Britain shells out for struggling home buyers
Britain launched incentives to help struggling home buyers as the government looks to support growth in a real estate market it sees as key to reviving the country's ailing economy.
Finance minister George Osborne said Britain would commit £3.5 billion ($6.4 billion) over the next three years to shared equity loans for new-build homes worth less than £600,000, allowing buyers to purchase them with a 5 per cent deposit.
"For newly built housing, government will put up a fifth of the cost," he said in a budget speech to parliament. That loan would be interest-free for five years and the scheme open to all buyers.
The British government will also guarantee £130b of mortgages from 2014 for three years, allowing banks to provide more loans to people without big deposits.
Britain's housing market has been stuck in the doldrums for years, due to a combination of high prices, stagnant incomes and a banking sector that the financial crisis has made reluctant to hand out mortgages.
Shares in homebuilders rose sharply after Osborne's announcement, which the industry said could help kick-start the market.
"This is a major boost for homebuyers and house builders," said Barratt Development's chief executive Mark Clare. "We are now gearing up to meet the increase in inquiries that we expect to see."
The scheme "will now give thousands of existing homeowners a much-needed helping hand", said Mike Farley, chief executive of rival Persimmon.
HOUSING BUBBLE RISK?
Jefferies analyst Anthony Codling said the shared equity scheme could help up to 74,000 home buyers over three years, equating to about 25 per cent of the current new-build output.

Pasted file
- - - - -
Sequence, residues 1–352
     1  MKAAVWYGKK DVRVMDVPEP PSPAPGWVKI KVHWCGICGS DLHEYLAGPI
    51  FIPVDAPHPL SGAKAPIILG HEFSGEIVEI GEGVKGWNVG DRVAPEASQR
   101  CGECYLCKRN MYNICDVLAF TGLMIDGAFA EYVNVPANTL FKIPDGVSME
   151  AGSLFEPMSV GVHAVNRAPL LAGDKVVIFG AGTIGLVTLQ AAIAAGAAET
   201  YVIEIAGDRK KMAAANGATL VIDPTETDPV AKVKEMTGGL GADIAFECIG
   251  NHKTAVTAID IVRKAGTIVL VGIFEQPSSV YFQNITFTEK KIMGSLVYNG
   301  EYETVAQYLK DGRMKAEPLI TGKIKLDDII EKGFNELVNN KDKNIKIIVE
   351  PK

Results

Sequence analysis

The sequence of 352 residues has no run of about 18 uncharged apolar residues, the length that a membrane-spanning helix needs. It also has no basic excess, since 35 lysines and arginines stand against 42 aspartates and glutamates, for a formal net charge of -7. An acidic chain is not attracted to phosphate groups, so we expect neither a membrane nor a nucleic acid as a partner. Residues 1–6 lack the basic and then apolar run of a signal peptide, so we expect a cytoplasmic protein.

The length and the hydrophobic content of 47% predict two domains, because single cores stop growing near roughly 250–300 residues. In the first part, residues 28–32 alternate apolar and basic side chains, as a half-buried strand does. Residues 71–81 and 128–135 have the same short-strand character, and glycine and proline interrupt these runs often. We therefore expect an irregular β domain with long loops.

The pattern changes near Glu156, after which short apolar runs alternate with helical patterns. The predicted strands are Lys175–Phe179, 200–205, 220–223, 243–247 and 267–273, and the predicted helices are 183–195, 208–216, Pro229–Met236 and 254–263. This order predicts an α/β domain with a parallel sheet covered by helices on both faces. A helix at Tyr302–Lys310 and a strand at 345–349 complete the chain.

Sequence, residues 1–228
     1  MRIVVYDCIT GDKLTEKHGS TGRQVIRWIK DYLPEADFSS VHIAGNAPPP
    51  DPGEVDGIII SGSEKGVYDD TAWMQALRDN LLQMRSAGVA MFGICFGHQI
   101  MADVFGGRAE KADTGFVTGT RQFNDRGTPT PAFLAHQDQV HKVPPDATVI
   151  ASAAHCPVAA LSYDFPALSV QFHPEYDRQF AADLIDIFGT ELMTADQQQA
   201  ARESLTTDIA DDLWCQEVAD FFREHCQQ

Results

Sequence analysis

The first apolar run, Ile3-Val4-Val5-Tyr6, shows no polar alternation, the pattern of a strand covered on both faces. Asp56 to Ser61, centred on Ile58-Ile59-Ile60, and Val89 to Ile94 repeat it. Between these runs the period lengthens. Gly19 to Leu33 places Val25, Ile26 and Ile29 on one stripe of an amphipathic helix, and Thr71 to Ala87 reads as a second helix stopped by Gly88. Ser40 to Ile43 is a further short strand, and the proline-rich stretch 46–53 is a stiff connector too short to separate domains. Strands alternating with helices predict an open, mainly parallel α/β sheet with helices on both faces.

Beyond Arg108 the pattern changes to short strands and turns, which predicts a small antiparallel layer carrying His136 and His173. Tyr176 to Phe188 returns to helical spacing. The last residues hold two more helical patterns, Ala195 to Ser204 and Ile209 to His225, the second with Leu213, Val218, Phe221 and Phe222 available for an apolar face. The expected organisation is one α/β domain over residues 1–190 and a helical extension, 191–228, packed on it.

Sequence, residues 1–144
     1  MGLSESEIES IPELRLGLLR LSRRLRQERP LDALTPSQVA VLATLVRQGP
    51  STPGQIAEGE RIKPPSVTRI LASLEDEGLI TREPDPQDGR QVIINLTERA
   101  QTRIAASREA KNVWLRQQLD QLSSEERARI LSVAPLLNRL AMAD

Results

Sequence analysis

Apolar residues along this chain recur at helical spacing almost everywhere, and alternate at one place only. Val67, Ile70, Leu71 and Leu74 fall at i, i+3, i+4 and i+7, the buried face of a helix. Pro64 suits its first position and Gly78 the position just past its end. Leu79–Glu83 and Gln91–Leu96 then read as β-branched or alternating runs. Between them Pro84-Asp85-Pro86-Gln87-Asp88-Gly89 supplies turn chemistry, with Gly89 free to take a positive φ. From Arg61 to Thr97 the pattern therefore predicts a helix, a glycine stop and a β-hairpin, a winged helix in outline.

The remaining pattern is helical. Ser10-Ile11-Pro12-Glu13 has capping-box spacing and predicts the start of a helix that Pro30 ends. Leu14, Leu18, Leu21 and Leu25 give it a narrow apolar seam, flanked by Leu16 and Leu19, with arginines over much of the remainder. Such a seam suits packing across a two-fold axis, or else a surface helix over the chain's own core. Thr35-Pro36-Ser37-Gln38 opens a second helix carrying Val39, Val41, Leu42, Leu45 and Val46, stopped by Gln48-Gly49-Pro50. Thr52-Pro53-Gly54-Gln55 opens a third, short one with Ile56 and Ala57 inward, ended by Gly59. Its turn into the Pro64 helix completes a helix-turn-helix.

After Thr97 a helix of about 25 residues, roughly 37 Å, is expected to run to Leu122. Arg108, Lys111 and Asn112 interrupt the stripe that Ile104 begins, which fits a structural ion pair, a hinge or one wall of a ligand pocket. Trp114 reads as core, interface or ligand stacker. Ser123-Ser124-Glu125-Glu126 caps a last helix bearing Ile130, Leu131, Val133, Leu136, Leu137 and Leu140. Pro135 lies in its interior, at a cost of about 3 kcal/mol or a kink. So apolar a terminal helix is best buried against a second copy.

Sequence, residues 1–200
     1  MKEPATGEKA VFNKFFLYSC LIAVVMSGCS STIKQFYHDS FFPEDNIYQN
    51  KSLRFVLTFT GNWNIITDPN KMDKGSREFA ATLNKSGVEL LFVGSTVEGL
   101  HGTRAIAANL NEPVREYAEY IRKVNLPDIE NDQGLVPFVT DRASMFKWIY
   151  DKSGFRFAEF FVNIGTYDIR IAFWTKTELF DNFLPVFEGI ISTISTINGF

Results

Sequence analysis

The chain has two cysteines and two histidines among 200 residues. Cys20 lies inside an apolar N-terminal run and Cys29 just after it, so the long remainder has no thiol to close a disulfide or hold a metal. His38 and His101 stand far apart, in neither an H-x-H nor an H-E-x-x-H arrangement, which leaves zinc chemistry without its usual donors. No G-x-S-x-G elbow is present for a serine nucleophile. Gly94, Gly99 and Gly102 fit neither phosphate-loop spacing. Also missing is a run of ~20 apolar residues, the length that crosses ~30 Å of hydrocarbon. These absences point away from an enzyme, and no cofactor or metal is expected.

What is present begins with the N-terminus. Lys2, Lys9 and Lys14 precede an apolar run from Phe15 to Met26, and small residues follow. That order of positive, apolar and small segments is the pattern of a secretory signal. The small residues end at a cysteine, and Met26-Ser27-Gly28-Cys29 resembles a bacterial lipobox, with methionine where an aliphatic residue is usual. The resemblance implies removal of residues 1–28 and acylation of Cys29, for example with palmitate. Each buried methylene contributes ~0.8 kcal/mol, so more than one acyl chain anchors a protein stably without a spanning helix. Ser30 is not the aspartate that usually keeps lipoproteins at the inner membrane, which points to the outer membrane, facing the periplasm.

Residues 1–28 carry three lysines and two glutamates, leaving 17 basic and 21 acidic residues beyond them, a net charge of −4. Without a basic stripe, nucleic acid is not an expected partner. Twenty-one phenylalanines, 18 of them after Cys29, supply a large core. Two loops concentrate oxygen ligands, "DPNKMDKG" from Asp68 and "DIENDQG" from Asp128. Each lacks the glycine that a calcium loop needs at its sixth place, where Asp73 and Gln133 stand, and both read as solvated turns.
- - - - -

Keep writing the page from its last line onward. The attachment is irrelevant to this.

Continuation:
The mortgage guarantee could support about 800,000 mortgages, representing a 30 per cent increase in housing transactions over the 844,000 conducted during 2012, he said.
Housebuilders Persimmon and Taylor Wimpey have said in recent weeks they were starting to see the effects of existing schemes on reservations and were optimistic the housing market had started more strongly than in 2012.
The new plan, called Help to Buy, builds on New Buy, which enabled buyers to purchase homes worth less than £500,000 with a 5 pervcent deposit, and a shared-equity scheme for first-time buyers called First Buy.
The British Property Federation and Home Builders Federation (HBF) said they both welcomed the new measures, although the latter said it was "guardedly" doing so.
The Royal Institute of Chartered Surveyors, which represents property professionals, said that the measures were "much-needed" but that the government "needs to be careful this doesn't create another housing bubble - pushing prices up at the expense of buyers."
Osborne also said the government was considering with the Bank of England ways to extend the Funding for Lending scheme, credited by housebuilders with helping to free up mortgage lending.
In his budget, Osborne turned to the BoE to do more to help spur the stagnant economy, halved this year's growth forecast from three months ago to only 0.6 per cent this year and vowed to stick with the government's austerity programme.